Third 'Millennium' film overlong, redundant

Photo by Corinne Nicholson

Photo by Corinne Nicholson

The Girl Who Kicked the Hornet's Nest (R)

2 1/2 stars out of 4

It's difficult to compare the three film adaptations of the late Stieg Larsson's "Millennium" novels to anything else as few if any foreign language trilogies have ever played theatrically in the U.S. The last set of any note was Krzysztof Kieslowski's "Three Colors" collection from almost 15 years ago.

If you haven't read Larsson's enormously popular books or watched the first two films in the trilogy, seeing "Hornet's Nest" will be an exercise in futility. Unlike the movies based on Thomas Harris' vaguely similar Hannibal Lecter novels, the "Millennium" films don't hold up well as stand-alone productions -- although each has much to offer individually. You'll either have to dive in whole hog or not at all. It should be mentioned the first two installments of the "Millennium" trilogy are now available on DVD.

"Hornet's Nest" picks up where "The Girl Who Played with Fire" left off. Protagonist bisexual Riot-Grrrl Lisbeth (Noomi Rapace) has been shot multiple times -- possibly by her half-brother -- after tossing gasoline on her father and setting him aflame. In the first installment ("The Girl with the Dragon Tattoo"), a teen girl was sexually molested by her uncle and cousin before she disappeared into the wind. If this type of stuff is not your cup of tea, you're not alone and should probably steer clear. If it is, the "Millennium" movies will rock you every which way and make Harris' books come off feeling like Nancy Drew or the Hardy Boys.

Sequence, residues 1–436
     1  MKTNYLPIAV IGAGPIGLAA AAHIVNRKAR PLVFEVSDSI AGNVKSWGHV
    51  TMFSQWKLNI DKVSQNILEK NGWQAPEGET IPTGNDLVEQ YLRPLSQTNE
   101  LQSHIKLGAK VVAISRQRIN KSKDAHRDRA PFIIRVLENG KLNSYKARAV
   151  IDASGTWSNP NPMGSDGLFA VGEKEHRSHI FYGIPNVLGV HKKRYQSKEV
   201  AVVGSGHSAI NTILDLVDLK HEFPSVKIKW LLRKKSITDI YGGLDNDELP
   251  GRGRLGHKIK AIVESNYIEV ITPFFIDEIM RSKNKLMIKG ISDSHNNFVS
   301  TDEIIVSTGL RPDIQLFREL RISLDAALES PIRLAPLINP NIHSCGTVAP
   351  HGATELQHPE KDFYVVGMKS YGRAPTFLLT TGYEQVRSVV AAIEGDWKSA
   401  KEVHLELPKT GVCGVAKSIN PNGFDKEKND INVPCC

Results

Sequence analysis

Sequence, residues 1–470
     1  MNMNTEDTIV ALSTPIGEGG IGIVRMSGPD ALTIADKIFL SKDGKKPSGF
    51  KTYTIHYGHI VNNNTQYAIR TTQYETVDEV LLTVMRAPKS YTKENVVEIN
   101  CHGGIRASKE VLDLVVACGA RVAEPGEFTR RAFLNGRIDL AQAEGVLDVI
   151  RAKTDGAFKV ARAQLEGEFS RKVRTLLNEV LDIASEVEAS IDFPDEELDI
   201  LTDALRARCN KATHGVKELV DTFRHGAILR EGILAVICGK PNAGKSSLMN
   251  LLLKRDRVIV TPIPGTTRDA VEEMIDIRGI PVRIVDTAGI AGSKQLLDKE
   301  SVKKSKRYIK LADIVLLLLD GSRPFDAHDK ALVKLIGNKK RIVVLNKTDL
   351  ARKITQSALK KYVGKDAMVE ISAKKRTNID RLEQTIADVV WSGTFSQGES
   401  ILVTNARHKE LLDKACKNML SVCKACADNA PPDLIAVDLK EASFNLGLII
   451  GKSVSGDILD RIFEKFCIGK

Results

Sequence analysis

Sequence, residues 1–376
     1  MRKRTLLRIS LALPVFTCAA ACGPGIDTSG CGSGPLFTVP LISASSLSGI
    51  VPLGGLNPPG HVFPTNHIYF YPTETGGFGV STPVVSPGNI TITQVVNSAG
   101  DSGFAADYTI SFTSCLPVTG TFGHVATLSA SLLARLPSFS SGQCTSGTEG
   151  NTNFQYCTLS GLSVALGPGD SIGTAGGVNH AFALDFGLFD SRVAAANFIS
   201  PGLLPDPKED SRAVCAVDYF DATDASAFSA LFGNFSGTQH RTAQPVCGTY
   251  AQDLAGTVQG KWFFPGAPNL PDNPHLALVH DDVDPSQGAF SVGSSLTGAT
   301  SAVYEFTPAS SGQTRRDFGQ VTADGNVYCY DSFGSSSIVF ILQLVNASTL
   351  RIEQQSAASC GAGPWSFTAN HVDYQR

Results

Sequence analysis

Not quite horror or action, the "Millennium" collection mixes hard-boiled crime with the print media covering it. The bad guys (all men with deep political connections) are depraved sick-puppies and the worst of them are on display here. In addition to Lisbeth's father and brother, there's a pedophile shrink and a kind of Skull 'n' Bones group of old school codgers who know no limit when it comes to protecting their anonymity and what they perceive as their God-given birthright to plunder.

When Lisbeth is charged with her father's assault, reporter Mikael (Michael Nyqvist) calls on his lawyer sister Annika (Annika Hallin) to represent her. Armed with more than enough hard evidence to clear Lisbeth (also Mikael's former lover) of the charge, the siblings and their associates start having second thoughts when those way further up on the power food chain start tightening the screws.

By sticking as close as possible to every single letter of the source text, returning "Played with Fire" director Daniel Alfredson and screenwriter Jonas Frykberg push the limits of the audiences' patience. Clocking in at a backside-numbing 148 minutes, "Hornet's Nest" is overlong by at least a half hour and is rife with informational redundancy.

Regulated to a hospital bed most of the time, the largely non-verbal Lisbeth is too often shown slowly recovering from her wounds and delaying incarceration. The considerable chemistry between her and Mikael has been eliminated as they share only two fleeting scenes. Two of the more interesting villains are given early exits and Lisbeth's lurking computer hacker associate Plague (Tomas Kohler) is woefully underused.

As much as the film will likely appeal to established fans of the books, it essentially ignores the cardinal rule of adaptations: Make it clear and concise and assume the audience knows nothing of the story going in.

If you're the sort who can't (justifiably) handle subtitles and prefer more action than drama, there's good news. "Dragon Tattoo" is being remade in English with current James Bond title character Daniel Craig as Mikael and impressive newcomer Rooney Mara playing Lisbeth.

Due next year, it is being directed by David Fincher ("Fight Club," "Se7en," "The Social Network"), a guy who is eminently suited for this sort of grungy material.

Presented in Swedish with English subtitles. (Music Box Films)